Synopsis of Saturday Morning Show

"Over the hills and far away,
Teletubbies come to play."

And so they did, finally arriving in America after taking their native England by storm. This show, especially created to educate 2-5 year olds, featured four gibberish-talking, life-loving creatures with TV sets in their bellies, hence the name Teletubbies.

The show was created by Anne Wood and Andy Davenport with a definitive goal in mind. They wanted a show that would, according to a press release, "help prepare children for their forthcoming school life [and] make them feel confident and relaxed, and ready to learn." Extensive research, including the use of ongoing focus groups, guided the series' development.

Particularly concerned that the show be a marriage between imagination and technology, Wood and Davenport created a Teletubbyland where simple toys, like rubber balls and scooters, existed alongside some more complex gadgets of the modern day. Examples included not only the TV screens in their tummies, which brought scenes of children from the real world, but also the vacuum cleaner Noo-Noo, who had a mind of her own as she cleaned up spilled custard and Tubby toast crumbs (the Tubby staples).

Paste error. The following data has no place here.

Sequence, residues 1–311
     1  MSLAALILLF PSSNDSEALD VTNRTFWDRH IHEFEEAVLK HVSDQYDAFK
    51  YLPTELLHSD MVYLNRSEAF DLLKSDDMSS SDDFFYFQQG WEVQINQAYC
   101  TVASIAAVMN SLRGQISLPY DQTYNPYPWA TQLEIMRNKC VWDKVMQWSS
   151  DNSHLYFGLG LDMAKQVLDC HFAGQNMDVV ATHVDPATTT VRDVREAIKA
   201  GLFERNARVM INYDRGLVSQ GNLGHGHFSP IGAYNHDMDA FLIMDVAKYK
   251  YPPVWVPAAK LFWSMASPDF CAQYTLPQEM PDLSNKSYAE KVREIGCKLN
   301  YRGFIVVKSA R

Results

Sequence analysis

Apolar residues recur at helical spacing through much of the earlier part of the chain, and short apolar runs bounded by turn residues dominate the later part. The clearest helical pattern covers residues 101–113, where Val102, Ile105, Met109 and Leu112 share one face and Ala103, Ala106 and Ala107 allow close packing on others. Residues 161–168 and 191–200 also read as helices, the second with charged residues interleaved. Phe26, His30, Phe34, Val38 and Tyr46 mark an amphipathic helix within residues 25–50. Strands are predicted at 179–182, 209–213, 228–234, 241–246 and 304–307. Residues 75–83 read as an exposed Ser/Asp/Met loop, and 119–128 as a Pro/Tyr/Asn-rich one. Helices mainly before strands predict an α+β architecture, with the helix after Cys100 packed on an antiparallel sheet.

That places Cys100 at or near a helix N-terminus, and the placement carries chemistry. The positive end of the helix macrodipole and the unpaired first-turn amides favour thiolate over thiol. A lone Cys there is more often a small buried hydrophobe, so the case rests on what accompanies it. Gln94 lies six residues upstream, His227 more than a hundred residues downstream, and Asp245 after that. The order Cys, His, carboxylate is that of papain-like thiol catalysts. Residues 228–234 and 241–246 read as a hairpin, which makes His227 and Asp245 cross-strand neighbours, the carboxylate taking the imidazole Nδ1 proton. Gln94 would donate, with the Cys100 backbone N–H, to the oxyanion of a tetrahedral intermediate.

Each Teletubby was defined by size, color, accessory, and personality. Tinky Winky, the purple one, was also the largest, and he never went anywhere without his pink handbag. Dipsy, the green one, was the second biggest, walking around sporting a zebra-striped hat. If the hat didn't give him away, then his refrain "Eh-Oh!" ("Hello" in Teletubbian), did.

The tagalong of the group was little yellow Laa-Laa, known for her constant singing and her love for her bouncing ball. Po, the red one, was the smallest Teletubby, but also the most adventurous, often taking off on her scooter to have time to herself.

When the show arrived stateside to be broadcast on PBS, some changes were made to adapt the series for American audiences. Some of the key voices, including the narrator's, were redubbed by American actors. The Teletubbies, though, didn't have to change one bit. "Eh-Oh" is still "Eh-Oh" in any language.

Release History

1997 BBC/PBS

TV Sub Categories


TV Studio

Ragdoll Productions (UK)

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